Episode 120 Show Notes
Episode 120. Stop the presses! Sake has been more and more in the news recently and we wanted to take a look at some of the newsworthy headlines hitting our shores. This week, we’ll discuss reports of the first ever “carbon neutral” sake coming out of Hyogo from the Kobe Shushinkan Brewery. This involves not only changes to the energy that powers the brewery but also changes to the production process itself to optimize energy expenditures and production time. Is this a sneak peek into sake’s future? We also debate the somewhat controversial “Sake Viva” program put out by Japan’s National Tax Agency. This program solicits marketing proposals that will encourage drinking among the younger generations. Lots to unpack here, too! Listen in to get our two cents the latest sake headlines as we uncover some sake in the news! #SakeRevolution
Skip to: 00:19
Welcome to the show from John and Timothy
Ohyama Tokubetsu Junmai Nama
Classification: Nama, Tokubetsu Junmai
Brewery: Kato Kahachiro Shuzo
Rice Type: Dewanosato
View on UrbanSake.com:
Izumibashi Megumi Junmai Ginjo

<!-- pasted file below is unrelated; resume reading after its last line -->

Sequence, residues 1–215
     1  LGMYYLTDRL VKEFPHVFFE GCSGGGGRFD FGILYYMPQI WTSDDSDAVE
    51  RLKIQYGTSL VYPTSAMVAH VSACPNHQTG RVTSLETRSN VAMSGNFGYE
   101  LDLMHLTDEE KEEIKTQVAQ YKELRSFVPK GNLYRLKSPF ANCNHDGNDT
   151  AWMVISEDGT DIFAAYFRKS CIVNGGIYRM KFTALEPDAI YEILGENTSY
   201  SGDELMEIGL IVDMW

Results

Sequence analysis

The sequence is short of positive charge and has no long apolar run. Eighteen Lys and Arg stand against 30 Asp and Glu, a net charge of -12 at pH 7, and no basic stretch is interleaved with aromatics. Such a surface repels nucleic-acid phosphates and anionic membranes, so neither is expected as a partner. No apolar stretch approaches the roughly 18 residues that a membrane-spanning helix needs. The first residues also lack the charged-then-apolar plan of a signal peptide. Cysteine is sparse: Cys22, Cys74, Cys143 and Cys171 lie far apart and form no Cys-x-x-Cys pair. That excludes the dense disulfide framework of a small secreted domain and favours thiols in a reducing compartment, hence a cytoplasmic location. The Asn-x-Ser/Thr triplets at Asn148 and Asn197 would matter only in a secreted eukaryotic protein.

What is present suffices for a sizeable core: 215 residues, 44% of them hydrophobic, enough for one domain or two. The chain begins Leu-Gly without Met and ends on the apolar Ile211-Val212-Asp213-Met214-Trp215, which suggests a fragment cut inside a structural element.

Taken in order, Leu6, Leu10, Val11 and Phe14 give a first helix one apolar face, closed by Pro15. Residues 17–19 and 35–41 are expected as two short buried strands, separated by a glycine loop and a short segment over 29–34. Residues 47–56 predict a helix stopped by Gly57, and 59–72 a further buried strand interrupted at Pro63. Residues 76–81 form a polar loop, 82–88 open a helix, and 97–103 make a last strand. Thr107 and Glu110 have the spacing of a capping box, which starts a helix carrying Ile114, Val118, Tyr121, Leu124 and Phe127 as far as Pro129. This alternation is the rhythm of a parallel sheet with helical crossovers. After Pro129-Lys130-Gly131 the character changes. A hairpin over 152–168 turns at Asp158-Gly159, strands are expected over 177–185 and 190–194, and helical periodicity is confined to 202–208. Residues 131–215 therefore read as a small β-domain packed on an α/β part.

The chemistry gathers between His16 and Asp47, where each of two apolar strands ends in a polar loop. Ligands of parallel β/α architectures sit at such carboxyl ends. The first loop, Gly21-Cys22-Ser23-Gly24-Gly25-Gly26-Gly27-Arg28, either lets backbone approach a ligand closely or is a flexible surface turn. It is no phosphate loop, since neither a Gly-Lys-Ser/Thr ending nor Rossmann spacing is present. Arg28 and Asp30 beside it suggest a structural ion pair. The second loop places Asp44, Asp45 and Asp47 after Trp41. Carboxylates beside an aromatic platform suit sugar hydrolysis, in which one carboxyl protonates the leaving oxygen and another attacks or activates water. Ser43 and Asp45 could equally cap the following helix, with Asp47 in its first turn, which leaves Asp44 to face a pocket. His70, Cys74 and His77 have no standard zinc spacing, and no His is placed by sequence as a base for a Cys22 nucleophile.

Brewery: Izumibashi Shuzo
Classification: Junmai Ginjo
Importer/Distributor: Mutual Trading (USA)
Rice Type: Yamadanishiki
Brand: Izumibashi (いづみ橋)
View on UrbanSake.com:
Sake In the News. SOURCE: Sora News 24, Jul 27, 2022
Sip some sustainable sake soon.
With a lot of focus being put on products that are sustainable and ethical, the Japanese alcohol known as nihonshu in Japan, or just sake abroad, really has a lot going for it. For centuries, it has been an all-natural, additive-free, and vegan alcoholic drink in its standard form, made with three simple ingredients: rice, water, and yeast.
That alone would make sake a great choice for those with environmental or ethical concerns, but one brewery in Kobe, Hyogo Prefecture still thinks more can be done. Kobe Shushinkan is a prestigious sake brewery that dates back to 1751, has won many awards, and even had its sake served at the Nobel Prize ceremony.
Now they are embarking on a bold new campaign to make their entire business environmentally sustainable, starting with the world’s first carbon-emission-free sake, Fukuju Junmaishu Eco Zero.
This version of Kobe Shushinkan’s famous Fukuju brand of sake accomplishes this in four different ways. First, they switched their energy sources to Kobe’s non-fossil-burning sources for electricity and carbon-neutral liquified natural gas to run the brewing. They have also taken numerous steps around the brewery to reduce overall electricity consumption such as LED lighting.